An in vitro comparison of possibly bioactive titanium implant surfaces.
Journal article, 2009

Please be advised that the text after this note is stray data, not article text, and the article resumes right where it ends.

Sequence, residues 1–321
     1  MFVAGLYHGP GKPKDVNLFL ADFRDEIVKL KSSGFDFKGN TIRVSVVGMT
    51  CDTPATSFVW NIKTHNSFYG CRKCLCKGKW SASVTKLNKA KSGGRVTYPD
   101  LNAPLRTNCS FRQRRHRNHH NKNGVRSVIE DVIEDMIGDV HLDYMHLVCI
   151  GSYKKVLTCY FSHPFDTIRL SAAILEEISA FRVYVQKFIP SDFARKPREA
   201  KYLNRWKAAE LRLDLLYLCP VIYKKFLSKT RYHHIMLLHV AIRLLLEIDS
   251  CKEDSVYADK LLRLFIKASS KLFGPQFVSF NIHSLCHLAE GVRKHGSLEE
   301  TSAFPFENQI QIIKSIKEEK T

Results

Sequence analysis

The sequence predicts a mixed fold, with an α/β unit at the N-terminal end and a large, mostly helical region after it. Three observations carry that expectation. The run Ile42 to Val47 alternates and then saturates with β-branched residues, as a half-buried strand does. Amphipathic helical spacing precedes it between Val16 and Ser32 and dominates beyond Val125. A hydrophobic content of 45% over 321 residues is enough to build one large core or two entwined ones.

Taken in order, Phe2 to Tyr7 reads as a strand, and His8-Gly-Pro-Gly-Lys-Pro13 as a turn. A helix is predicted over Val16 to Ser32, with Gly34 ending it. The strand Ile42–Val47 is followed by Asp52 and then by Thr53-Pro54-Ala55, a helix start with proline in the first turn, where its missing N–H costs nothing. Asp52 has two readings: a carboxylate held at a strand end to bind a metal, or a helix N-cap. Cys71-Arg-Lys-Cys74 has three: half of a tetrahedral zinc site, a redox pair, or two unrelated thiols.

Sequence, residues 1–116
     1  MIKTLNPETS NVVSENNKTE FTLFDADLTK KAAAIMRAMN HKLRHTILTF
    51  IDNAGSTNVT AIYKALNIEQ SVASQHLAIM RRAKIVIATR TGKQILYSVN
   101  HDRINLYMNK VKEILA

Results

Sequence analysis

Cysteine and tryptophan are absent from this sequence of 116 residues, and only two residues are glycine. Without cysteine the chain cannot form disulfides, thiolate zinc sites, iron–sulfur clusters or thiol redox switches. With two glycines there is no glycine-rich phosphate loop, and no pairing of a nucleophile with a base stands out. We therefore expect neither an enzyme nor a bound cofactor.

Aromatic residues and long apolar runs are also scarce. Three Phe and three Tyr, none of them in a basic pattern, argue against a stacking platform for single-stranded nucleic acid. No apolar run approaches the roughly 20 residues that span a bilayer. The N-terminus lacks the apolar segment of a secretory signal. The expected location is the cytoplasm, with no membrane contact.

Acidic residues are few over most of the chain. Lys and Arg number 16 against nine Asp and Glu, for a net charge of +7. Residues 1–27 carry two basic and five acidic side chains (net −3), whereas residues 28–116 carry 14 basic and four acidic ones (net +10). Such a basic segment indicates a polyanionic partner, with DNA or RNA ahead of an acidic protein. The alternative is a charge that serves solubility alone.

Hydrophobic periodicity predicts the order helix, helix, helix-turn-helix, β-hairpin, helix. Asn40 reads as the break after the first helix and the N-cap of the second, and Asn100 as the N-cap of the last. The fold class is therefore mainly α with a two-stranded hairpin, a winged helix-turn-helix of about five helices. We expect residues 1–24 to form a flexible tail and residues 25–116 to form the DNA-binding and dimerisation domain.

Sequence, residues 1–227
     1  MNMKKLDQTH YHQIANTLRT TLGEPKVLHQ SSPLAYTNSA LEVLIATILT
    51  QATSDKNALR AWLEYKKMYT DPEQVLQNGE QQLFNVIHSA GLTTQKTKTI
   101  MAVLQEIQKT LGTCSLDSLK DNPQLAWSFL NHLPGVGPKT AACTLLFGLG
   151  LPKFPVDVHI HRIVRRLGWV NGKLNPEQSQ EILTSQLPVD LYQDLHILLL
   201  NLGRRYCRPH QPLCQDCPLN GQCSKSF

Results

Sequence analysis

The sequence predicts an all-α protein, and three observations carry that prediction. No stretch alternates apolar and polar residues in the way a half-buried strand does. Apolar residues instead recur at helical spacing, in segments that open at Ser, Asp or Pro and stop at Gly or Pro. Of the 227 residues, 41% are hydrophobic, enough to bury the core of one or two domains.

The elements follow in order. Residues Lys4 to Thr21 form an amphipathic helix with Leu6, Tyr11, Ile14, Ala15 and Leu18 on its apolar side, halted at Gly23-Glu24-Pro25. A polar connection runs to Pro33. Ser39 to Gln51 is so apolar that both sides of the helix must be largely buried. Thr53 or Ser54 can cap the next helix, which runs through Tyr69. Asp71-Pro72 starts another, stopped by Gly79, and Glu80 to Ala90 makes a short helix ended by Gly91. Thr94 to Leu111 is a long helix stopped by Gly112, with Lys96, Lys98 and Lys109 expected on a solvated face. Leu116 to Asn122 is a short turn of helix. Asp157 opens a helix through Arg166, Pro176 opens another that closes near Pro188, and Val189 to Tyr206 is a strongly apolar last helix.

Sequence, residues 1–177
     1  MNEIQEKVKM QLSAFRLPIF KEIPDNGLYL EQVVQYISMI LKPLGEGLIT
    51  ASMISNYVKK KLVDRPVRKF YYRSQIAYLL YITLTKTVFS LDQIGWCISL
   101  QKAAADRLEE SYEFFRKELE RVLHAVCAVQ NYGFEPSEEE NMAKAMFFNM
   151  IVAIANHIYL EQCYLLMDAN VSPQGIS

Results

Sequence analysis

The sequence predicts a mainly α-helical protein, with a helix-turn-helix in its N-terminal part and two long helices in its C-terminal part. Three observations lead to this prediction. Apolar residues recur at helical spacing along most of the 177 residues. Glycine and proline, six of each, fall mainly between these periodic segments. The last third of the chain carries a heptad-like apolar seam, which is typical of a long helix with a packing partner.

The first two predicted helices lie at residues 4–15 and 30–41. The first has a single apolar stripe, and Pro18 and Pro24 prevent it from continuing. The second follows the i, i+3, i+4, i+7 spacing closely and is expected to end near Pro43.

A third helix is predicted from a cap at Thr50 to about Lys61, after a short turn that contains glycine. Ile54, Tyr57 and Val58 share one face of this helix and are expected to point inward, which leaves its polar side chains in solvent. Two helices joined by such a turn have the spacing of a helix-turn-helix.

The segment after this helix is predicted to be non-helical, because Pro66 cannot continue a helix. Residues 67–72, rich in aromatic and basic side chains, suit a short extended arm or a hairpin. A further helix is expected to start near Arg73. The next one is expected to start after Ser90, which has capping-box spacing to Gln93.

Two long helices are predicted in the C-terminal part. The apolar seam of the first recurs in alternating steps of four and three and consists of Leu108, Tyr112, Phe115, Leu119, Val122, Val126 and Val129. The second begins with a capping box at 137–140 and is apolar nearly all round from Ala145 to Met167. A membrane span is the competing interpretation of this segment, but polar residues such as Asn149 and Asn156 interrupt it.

The aim of the study was to compare Ca and P formation (CaP) and subsequent bone cell response of a blasted and four different possibly bioactive commercially pure (cp) titanium surfaces; 1. Fluoride etched (Fluoride), 2. Alkali-heat treated (AH), 3. Magnesium ion incorporated anodized (TiMgO), and 4. Nano HA coated and heat treated (nano HA) in vitro. Furthermore, to evaluate the significance of the SBF formed CaP coat on bone cell response. The surfaces were characterized by Optical Interferometry, Scanning Electron Microscopy (SEM) and X-ray Photoelectron Spectroscopy (XPS). CaP formation was evaluated after 12, 24 and 72 h in simulated body fluid (SBF). Primary human mandibular osteoblast-like cells were cultured on the various surfaces subjected to SBF for 72 h. Cellular attachment, differentiation (osteocalcin) and protein production (TGF-beta(1)) was evaluated after 3 h and 10 days respectively. Despite different morphological appearances, the roughness of the differently modified surfaces was similar. The possibly bioactive surfaces gave rise to an earlier CaP formation than the blasted surface, however, after 72 h the blasted surface demonstrated increased CaP formation compared to the possibly bioactive surfaces. Subsequent bone cell attachment was correlated to neither surface roughness nor the amount of formed CaP after SBF treatment. In contrast, osteocalcin and TGF-beta(1) production were largely correlated to the amount of CaP formed on the surfaces. However, bone response (cell attachment, osteocalcin and TGF-F production) on the blasted controls were similar or increased compared to the SBF treated fluoridated, AH and TiMgO surface. (c) 2008 Wiley Periodicals, Inc. J Biomed Mater Res, 2008.